Evaluation of the Personal Health Record Pilot for Medicare Fee-For Service Enrollees from South Carolina. Suggestions for PHR Developers.

08/01/2009

Self-Entry of Information.  Generally, participants reported that they did not want to manually enter information into the PHR, as this was particularly time consuming for beneficiaries. 

“The crux is this system is only helpful if it has a lot of information from people other than us.  [Currently] it is depending on us entering information into MyPHRSC and few people will take the time to enter information and gather information from doctors to put in. The goal should be to aim at getting it from the Medicare system or health providers.”

Beneficiary

Medications and Decision Support.  Many beneficiaries suggested the PHR would be more useful to them if their medication data was entered for them.  One beneficiary explained: “I would like a complete list of medications, immunizations, and conditions that a doctor would have access to.”  Most beneficiaries also reported drug-drug and drug-allergy interactions checking would be very helpful for them.

Integration with Doctors.  The majority of beneficiaries believed the PHR would be the most valuable if doctors used it.  One participant noted: “If I have blood work with one doctor and a couple of weeks later I have an appointment with another doctor, it might be for the same test. One advantage to this is [provider] could look at the test and see the test had already been performed.”  Another beneficiary explained willingness to self-enter more information if doctors were to use the PHR.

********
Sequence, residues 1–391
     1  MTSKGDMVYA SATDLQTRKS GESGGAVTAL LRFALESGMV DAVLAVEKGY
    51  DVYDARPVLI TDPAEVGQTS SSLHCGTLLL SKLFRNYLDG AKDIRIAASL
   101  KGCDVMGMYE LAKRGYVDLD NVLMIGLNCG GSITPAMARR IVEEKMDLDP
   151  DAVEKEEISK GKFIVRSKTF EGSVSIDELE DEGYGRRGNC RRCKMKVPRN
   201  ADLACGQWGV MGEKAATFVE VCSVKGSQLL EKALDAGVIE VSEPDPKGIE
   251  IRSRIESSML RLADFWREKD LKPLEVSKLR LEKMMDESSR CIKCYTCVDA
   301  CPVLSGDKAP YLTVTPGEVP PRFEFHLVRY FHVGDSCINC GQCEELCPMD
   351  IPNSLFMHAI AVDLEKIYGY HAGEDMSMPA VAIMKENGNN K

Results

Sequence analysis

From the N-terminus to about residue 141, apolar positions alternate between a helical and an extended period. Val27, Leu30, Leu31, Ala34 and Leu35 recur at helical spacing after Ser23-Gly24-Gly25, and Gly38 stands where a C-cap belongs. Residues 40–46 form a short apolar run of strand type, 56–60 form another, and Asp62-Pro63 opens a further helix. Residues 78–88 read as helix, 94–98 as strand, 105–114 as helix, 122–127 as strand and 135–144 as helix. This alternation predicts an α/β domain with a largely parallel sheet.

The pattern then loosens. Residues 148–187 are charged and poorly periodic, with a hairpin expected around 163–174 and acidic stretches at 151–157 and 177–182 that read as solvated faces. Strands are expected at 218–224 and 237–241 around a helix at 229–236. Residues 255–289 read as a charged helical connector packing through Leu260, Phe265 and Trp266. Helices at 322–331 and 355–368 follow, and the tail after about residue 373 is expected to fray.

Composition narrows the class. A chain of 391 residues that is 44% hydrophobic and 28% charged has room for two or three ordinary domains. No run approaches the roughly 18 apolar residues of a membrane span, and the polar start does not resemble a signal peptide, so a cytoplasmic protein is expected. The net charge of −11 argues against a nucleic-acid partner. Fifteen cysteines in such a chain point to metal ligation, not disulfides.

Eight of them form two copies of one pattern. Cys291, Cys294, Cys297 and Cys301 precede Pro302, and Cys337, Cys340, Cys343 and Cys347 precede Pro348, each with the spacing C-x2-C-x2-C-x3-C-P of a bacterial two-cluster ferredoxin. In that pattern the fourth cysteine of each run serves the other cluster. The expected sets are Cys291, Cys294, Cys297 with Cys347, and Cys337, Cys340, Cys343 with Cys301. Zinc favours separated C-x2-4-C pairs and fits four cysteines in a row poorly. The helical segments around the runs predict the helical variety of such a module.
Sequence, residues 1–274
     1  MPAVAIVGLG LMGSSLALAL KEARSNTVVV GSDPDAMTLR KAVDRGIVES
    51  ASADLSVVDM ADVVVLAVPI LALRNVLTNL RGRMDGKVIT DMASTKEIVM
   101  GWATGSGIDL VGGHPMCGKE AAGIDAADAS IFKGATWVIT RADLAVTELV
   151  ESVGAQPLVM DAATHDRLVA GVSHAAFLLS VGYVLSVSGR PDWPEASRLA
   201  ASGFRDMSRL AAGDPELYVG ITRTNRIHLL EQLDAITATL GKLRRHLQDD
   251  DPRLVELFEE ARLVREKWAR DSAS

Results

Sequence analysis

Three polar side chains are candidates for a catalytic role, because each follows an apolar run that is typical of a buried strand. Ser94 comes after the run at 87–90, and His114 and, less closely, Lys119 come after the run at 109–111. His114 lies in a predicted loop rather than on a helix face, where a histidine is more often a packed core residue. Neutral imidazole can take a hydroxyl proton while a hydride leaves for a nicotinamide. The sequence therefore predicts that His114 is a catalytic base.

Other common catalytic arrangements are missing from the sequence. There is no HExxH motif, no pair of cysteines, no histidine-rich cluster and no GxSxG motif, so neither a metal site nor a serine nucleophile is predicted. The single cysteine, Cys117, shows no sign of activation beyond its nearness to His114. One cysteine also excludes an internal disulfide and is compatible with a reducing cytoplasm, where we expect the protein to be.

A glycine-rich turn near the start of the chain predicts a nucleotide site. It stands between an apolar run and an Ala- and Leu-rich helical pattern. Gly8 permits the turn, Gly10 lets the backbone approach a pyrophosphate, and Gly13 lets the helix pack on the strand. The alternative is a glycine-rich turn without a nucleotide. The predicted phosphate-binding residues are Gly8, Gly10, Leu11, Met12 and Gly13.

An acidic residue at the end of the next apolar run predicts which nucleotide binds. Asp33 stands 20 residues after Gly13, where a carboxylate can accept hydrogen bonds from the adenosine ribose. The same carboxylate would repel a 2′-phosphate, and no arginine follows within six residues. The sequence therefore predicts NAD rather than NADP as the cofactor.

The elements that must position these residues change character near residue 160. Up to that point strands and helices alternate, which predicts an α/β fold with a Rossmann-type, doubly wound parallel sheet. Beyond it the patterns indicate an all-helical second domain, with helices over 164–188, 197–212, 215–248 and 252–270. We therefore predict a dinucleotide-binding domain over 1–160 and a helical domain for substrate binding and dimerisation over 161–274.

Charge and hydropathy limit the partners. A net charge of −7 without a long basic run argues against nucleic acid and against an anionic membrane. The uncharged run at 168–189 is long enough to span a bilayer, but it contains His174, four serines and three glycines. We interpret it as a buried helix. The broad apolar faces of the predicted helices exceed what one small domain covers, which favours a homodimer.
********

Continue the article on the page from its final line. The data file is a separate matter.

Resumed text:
The group discussed the potential benefit of having the PHR interact with an EHR and some thought this would be useful.  One participant commented, “It depends on interfacing with all of the providers. Having three of your providers enter information in the PHR and your 4th provider not use it, it would not work.”

Desired Amount of Information.  The majority of beneficiaries agreed that they would want as much information as possible at hand, with some noting that the full medical record would be of particular use to them. 

Conversely, when asked if they would want diagnostic results like an X-ray or MRI to appear in the PHR, the group was quite divided.  Some reported that they wanted all of their information available, while most agreed that this would be too overwhelming and they would prefer only targeted information be accessible.  Many felt comfortable with their doctors maintaining medical records with test results as an alternative.

Time span of Claims Information. Many participants suggested that 2 years of claims data was not a sufficient record for them and that they would like the history to go back further in the lifetime. A few suggested a lifespan history would be useful. 

Trending Laboratory Results.   Overall, participants would like to be able to see the results of their tests.  Many also noted they would want to track trends in their laboratory test results.  One participant explained, “If it showed you a string so you could see trends in things like cholesterol, blood sugar, and trends even your doctor doesn’t see, that would be useful.” 

Pay to Use the PHR.   Most beneficiaries reported they would pay for a PHR if it contained the functionalities and components most desired.  One participant commented: “If it was a valuable tool for me and my doctor to access, I would pay for it.” One beneficiary who was particularly enthusiastic about the PHR was unable to afford to pay for MyPHRSC but wanted to continue using it.

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